While it may not sound like an overly exciting dessert, it is one that is beloved by many South Africans. It is often served at special occasions and it is also a popular choice for our holiday meals.

Boeber is another popular South African dessert that offers a comforting and satisfying taste. It is made with spiced vermicelli noodles, which are cooked in milk and sugar. The dish is often served with raisins or cinnamon. Boeber has a distinct flavor that is loved by many. It is sweet, yet subtly spiced, and the vermicelli noodles add a unique texture.

This dessert is perfect for chilly evenings or as a comforting snack. When you are craving something sweet try one of these traditional South African food recipes.

What do South Africans eat for breakfast?

South Africans have a variety of breakfast options, depending on their personal preferences and cultural influences. Some people start their day with a hearty cooked meal, while others opt for something lighter or easier to prepare. Common breakfast foods in South Africa include eggs, bacon, sausage, baked beans, toast, porridge, and fruit.

Various combinations of these items are typically served with tea or coffee. Those with a sweet tooth may enjoy pancakes or waffles with syrup, while others prefer savory toppings like cheese or chutney on their toast. No matter what they choose to eat, most South Africans agree that breakfast is the most important meal of the day.

What do South Africans eat in a day?

A black bowl of south african curry, placed on a traditional african table cloth, with 2 silver spoons.

South African cuisine is as diverse as the people who live in the country. There is no single “typical” meal, as different families and cultures have their own food traditions. However, many South Africans start the day with a cup of tea or coffee, often with some bread or biscuits. Breakfast may also include eggs, bacon, sausage, or porridge.

Dinner is usually the largest meal of the day, and may include meat, vegetables, rice, or different pasta. A traditional South African dish is “potjiekos”, a stew made with meat and vegetables. For dessert, South Africans often enjoy fruit, yogurt, or Malva pudding. No matter what dishes are served, meals are typically enjoyed with family and friends.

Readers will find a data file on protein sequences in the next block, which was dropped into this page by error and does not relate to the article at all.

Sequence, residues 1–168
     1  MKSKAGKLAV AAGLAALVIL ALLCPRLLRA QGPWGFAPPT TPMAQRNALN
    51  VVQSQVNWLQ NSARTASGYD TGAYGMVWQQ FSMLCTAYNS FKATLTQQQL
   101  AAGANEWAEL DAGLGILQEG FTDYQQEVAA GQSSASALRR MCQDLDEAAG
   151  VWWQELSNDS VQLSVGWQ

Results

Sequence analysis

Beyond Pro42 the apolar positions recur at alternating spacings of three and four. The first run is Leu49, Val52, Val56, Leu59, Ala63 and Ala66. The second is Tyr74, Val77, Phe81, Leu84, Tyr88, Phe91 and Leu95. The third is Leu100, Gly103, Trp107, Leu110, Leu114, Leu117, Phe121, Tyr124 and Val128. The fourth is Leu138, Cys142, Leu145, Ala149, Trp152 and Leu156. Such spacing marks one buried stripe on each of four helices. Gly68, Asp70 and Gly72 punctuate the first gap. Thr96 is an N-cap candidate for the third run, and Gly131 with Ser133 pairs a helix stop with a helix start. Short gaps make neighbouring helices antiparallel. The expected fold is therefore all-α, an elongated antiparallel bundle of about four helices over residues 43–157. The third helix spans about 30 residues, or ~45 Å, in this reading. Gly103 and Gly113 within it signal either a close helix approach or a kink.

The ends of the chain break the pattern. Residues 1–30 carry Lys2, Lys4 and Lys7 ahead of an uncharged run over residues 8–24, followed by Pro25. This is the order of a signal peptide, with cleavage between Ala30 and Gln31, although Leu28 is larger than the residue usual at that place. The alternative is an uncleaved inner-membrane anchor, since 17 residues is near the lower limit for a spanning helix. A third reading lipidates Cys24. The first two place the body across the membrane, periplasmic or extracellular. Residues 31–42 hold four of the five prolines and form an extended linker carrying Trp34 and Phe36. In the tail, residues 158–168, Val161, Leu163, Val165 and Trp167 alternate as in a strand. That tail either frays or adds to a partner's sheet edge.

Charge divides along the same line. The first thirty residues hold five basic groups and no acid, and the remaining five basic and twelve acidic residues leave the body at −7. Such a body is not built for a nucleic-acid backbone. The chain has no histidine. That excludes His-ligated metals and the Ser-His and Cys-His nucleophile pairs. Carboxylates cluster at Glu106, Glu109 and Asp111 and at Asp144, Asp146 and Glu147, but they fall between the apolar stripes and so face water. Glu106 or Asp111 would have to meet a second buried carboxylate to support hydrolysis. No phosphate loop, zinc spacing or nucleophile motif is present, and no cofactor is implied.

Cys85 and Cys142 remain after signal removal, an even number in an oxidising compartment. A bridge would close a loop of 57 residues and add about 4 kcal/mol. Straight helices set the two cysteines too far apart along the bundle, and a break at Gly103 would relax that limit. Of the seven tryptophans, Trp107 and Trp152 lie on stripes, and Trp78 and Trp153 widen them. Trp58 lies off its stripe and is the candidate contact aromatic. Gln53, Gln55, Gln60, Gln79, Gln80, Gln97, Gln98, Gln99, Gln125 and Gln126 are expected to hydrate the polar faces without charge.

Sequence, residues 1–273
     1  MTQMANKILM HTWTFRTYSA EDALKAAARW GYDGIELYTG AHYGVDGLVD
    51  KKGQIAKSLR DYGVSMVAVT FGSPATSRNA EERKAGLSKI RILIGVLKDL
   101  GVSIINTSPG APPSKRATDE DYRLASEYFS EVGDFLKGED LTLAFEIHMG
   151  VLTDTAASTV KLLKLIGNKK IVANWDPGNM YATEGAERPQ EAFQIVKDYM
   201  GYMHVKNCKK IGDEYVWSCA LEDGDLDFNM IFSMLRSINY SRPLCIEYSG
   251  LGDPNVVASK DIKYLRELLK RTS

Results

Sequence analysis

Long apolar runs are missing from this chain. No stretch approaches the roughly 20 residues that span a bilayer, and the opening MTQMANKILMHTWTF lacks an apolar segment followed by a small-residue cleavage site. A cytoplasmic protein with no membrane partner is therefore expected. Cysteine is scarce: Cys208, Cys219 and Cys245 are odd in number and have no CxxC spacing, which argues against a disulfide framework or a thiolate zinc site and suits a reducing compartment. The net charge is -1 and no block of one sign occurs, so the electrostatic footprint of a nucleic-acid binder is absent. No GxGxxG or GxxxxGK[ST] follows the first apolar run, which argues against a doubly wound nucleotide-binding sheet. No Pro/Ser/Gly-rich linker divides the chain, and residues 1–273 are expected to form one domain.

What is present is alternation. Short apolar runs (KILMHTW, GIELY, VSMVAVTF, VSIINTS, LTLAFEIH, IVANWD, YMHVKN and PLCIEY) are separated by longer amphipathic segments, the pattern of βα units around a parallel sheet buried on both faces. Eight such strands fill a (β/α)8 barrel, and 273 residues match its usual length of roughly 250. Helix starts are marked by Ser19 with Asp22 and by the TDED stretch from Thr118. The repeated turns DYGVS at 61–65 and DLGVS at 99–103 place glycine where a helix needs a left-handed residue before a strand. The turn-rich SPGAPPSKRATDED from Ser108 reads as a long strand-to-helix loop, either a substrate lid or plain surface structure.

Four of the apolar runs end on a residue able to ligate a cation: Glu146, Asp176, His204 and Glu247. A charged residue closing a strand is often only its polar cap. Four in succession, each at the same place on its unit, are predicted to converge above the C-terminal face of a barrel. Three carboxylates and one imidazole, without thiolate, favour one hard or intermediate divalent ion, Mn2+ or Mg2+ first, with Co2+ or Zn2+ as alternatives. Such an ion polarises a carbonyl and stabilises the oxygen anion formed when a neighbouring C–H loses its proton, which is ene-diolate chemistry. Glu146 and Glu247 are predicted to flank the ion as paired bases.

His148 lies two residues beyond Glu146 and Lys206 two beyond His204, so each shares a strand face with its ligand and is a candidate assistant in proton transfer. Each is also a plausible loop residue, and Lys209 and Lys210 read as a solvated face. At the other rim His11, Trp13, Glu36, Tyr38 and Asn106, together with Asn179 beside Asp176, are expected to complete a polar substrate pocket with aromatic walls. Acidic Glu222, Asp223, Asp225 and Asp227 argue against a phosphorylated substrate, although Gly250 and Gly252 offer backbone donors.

What time is supper in South Africa?

South Africans typically eat supper or their evening meal, around 6 or 7pm. This is later than the average American supper time of 5pm. There are various reasons for this difference. For one, South Africa is located in the Southern Hemisphere, where the days are longer. In addition, many South Africans work later hours than Americans, often not getting off work until 6 pm.

This means that they have less time to prepare a meal (like a delicious curry) and eat earlier in the evening. Supper is typically a larger meal than lunch in South Africa, as people have more time to relax and enjoy a leisurely meal in the evening. It is not uncommon for families to spend an hour or more around the supper table, chatting and enjoying each other’s company.

What do they drink in South Africa?

A cup of Rooibos tea served on a wooden board with some tea leaves on the side.

In South Africa, they drink a lot. Well, I mean not just alcohol of course but everything. We tend to overindulge in pretty much everything. Coffee is my weakness and I can’t life without it. Some do tea but both are beloved for its rich flavor and energizing effects. While some prefer to drink their coffee with milk and sugar, others take theirs black (others being mostly me because coffee is serious business and diluting it is a true crime).

And then there’s rooibos, a traditional herbal tea made from the leaves of the red bush plant [2]. Very popular in South Africa, rooibos is naturally sweet and earthy, and it’s often enjoyed with a dollop of milk plus honey (again now why). I also love to indulge in green tea not because I like it (it tastes like dishwater) but because it is healthy for me. 

In addition, many like to drink beer or wine (pinotage is my wine of choice, thank you very much) with their meals. Whatever the drink of choice may be, it is clear (as you can tell) that we South Africans enjoy a wide variety of beverages.

Wrapping Up South African Comfort Food

If you’re ever in the mood for some comfort food, and by that I mean REAL comfort food, not just a bowl of cereal when you’ve had a bad day, then South Africa is the place to be. From bunny chow to koeksisters, we have a variety of dishes that will make your taste buds happy and your stomach content.

When you feeling down, or homesick, give one of our comfort foods a try, I promise the food (and the memories) will make everything better.

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Charlene Gallant

Charlene is a lover of good food. She enjoys nothing more than cooking up a storm in the kitchen and sharing her favourite recipes with her readers. She also enjoys reading a good book.